An audit that could have shed light on the inner workings of the D.C. tax office now under scrutiny was never completed even though it was required by law to be finished 19 months ago, The Washington Examiner has learned.

The D.C. Office of the Inspector General just awarded the contract for the audit last month, and it is scheduled to be finished at the end of September. The independent audit was called for two years ago, as part of the Real Property Assessments Improvement Act of 2010, which was inserted in the 2011 city budget. The act required the inspector general to contract with an outside firm to conduct an audit of the Office of Tax and Revenue "for the purposes of examining the District's management and valuation of commercial real property assessments."

The act came after city officials moved to revamp the highly criticized Board of Real Property Assessments and Appeals. According to an Examiner report at the time, the board reduced assessment on city properties by $3.3 billion in the 2009 tax year.

Now the Office of Tax and Revenue is under scrutiny following a Washington Post report calling attention to an increase in instances where the city settles assessment appeals by commercial property owners instead of defending its valuation in court. In 2012 alone, settled cases knocked roughly $2.6 billion off the total value of all properties in the city. The FBI is also reportedly looking into the issue.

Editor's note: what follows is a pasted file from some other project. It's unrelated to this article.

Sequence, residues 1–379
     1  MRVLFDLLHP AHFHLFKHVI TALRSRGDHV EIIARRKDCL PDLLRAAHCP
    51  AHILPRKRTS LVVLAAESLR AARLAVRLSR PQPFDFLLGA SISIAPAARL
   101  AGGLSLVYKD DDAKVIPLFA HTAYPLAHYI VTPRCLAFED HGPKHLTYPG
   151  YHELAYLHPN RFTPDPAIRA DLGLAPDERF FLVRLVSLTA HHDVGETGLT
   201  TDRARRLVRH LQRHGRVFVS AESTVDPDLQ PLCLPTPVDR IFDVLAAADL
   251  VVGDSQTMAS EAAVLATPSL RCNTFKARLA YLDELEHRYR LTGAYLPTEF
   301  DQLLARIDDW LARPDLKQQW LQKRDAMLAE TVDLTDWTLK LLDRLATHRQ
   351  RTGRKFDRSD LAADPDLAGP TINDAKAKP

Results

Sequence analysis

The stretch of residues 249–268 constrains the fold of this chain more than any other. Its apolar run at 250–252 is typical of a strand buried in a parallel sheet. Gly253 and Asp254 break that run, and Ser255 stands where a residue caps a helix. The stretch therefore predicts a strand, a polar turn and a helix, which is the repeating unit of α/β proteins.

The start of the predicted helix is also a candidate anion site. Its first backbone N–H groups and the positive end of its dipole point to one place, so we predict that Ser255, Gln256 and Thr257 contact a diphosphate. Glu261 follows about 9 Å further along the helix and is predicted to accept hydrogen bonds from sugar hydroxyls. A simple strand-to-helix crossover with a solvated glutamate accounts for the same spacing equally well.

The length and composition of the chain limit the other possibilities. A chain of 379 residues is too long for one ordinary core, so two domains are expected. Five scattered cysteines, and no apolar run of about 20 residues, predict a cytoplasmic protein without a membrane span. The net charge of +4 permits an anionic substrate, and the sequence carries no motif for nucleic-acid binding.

A spokeswoman for Inspector General Charles Willoughby said Thursday that the office received funding for the independent audit this year but would not say what caused the delay.

The audit was to focus on several areas, including performance measures, training qualifications and hiring practices.

Willoughby was required to submit the findings by December 2010 and repeat the process every three years, "if not asked to do sooner." In addition, the act required Chief Financial Officer Natwar Gandhi to submit a five-year analysis of the assessment appeals board.

A spokeswoman for Gandhi confirmed the analysis had been completed. Gandhi and Stephen Cordi, who heads the tax office, deny allegations that the 2012 settlements cost the city millions of dollars.